As researchers study how to prevent COVID-19, they continue to evaluate ways to support patients with severe illness. Medical researchers recently found – in a phase 2 study looking at safety – that among 59 hospitalized patients who required breathing assistance, those who received fostamatinib, a tailored immune therapy used to treat adults with chronic immune thrombocytopenia, a rare bleeding disorder, did not have more severe outcomes compared to those receiving a placebo. The findings appear in the journal Clinical Infectious Diseases.
The NHLBI-sponsored, double-blinded, randomized, controlled trial took place at the NIH Clinical Center and at Inova Fairfax Hospital in Virginia. Each patient received fostamatinib or a placebo for 14 days in conjunction with the best standard of care, including the antiviral remdesivir and steroids. The researchers assessed adverse events, including extreme blood clotting and organ failure, among patients in each group for 28 days. They noted other signs of disease progression, such as clinical markers of inflammation, and signs of recovery, including breathing independently or leaving the hospital. “We are encouraged to see that for COVID-19 patients requiring hospitalization, fostamatinib in combination with the best standard of care was shown to be well tolerated,” said Richard Childs, M.D., the clinical director of the NHLBI. “Patients treated with fostamatinib not only had less severe adverse events, but were observed to have improved clinical outcomes compared to those receiving placebo and the best standard of care.”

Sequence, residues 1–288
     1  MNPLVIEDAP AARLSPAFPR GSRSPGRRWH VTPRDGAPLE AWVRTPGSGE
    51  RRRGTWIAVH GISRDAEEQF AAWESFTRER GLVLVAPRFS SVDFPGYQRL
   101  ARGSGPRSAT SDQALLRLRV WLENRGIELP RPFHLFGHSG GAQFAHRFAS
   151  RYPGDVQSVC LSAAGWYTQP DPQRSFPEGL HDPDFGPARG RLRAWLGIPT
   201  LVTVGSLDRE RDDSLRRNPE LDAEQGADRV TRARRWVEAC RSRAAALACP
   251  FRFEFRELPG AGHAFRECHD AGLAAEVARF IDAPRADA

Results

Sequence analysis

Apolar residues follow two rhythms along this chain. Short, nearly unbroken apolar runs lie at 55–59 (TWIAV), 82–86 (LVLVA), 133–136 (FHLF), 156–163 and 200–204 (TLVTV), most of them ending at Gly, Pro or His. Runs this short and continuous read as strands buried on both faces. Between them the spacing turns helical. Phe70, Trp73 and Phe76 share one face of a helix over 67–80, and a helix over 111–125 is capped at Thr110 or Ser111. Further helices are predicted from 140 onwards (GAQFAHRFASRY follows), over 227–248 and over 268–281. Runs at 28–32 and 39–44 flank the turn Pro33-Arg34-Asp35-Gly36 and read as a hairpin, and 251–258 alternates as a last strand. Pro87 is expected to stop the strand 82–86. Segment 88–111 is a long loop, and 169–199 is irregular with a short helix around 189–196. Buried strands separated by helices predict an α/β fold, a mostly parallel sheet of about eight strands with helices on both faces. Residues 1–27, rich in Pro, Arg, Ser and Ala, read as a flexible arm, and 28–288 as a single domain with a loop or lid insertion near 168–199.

Jeffrey Strich, M.D., a principal investigator of the study and a physician at the NIH Clinical Center, agreed, adding: “Additional studies are needed to confirm the efficacy findings and show how fostamatinib may regulate the exuberant COVID-19 immune responses in patients.”
Two phase 3 trials, including one supported by NHLBI and another by Rigel Pharmaceuticals, Inc., the developer of fostamatinib, will assess how hundreds of patients hospitalized for COVID-19 respond to the treatment.